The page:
Date: Monday, November 9, 2020
Session Type: Poster Session D
Session Time: 9:00AM-11:00AM
Background/Purpose: Giant cell arteritis (GCA) is a form of large vessel vasculitis that requires treatment with high-dose, long-term glucocorticoids (GC). Weight gain, among other side-effects of GC therapy, is a major concern for patients and is associated with increased morbidity and mortality. Prior studies have shown varying results regarding the independent association of GC dose and weight gain. Weight changes in GCA patients being treated with GC or in GCA patients receiving tocilizumab are poorly understood.
Methods: We analyzed GCA patients enrolled in the GiACTA (Tocilizumab in Giant Cell Arteritis) trial. Cumulative GC dose and weight were obtained at weeks 0, 12, 24, and 52. We used multivariable mixed-effects modeling to examine the effects of age, gender, cumulative GC dose, baseline GC exposure, disease status (newly-diagnosed versus relapsing), randomization to tocilizumab, and flares over 52 weeks on changes in weight. We used Student’s unpaired t-test to evaluate weight change from 0 to 52 weeks and the Wilcoxon rank test to evaluate the cumulative prednisone from 0 to 52 weeks.
Results: 250 patients were included; 187 (75%) were female and the mean age ± SD was 69 ± 8 years. The mean baseline weight ± SD was 70.8 ± 14.9 kg, and the mean ± SD weight gain among all subjects was 3.2 ± 5.4 kg. Cumulative prednisone dose at 52 weeks was associated with weight change over this time (0.63kg per 1000mg of prednisone; p< 0.001) (Table 1). Furthermore, relapsing disease at baseline and flares over 52 weeks were significantly associated with less weight gain. Among patients who received tocilizumab, those who met the primary endpoint of sustained, glucocorticoid-free remission at 52 weeks received less prednisone than did those who failed (median 1356 vs. 3017mg; p< 0.0001), but these subgroups experienced similar changes in weight (mean 3.0 vs. 4.0kg; p=0.31) (Table 2). Among patients who received prednisone alone, those who met the primary endpoint received less prednisone (median 2150 vs. 4284mg; p< 0.0001), yet those patients experienced numerically higher gains in weight compared with those who did not meet the primary endpoint (mean 3.7 vs. 2.8kg; p=0.59).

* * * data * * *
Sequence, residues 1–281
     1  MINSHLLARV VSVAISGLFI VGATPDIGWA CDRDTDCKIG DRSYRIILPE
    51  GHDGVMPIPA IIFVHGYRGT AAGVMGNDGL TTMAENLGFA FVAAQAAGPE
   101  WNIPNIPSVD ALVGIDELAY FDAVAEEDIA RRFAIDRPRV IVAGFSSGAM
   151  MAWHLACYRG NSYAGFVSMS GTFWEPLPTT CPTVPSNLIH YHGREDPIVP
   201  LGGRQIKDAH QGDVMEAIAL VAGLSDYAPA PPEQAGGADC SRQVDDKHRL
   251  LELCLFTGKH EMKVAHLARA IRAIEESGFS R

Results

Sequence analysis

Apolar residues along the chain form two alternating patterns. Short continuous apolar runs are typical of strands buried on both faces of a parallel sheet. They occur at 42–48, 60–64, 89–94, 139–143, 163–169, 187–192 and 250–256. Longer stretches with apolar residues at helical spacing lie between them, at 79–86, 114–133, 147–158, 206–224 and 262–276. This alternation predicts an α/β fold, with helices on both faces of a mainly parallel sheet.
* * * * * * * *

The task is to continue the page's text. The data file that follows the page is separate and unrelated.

Conclusion: GC use and weight gain are linked tightly in the minds of providers and patients, but the relationship is actually complex. We found that cumulative GC exposure over 52 weeks is significantly associated with weight gain. However, the degree to which disease activity is controlled also contributes to weight gain, and modest weight gain may be an indicator of effective disease control. Additional research is required to better elucidate this relationship and to understand other determinants of excessive weight gain in this patient population.
To cite this abstract in AMA style:Serling-Boyd N, Fu X, Zhang Y, Unizony S, Wallace Z, Choi H, Stone J. Effect of Cumulative Glucocorticoid Dose and Inflammation on Weight Change During Treatment of Giant Cell Arteritis [abstract]. Arthritis Rheumatol. 2020; 72 (suppl 10). https://acrabstracts.org/abstract/effect-of-cumulative-glucocorticoid-dose-and-inflammation-on-weight-change-during-treatment-of-giant-cell-arteritis/. Accessed November 26, 2020.
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ACR Meeting Abstracts - https://acrabstracts.org/abstract/effect-of-cumulative-glucocorticoid-dose-and-inflammation-on-weight-change-during-treatment-of-giant-cell-arteritis/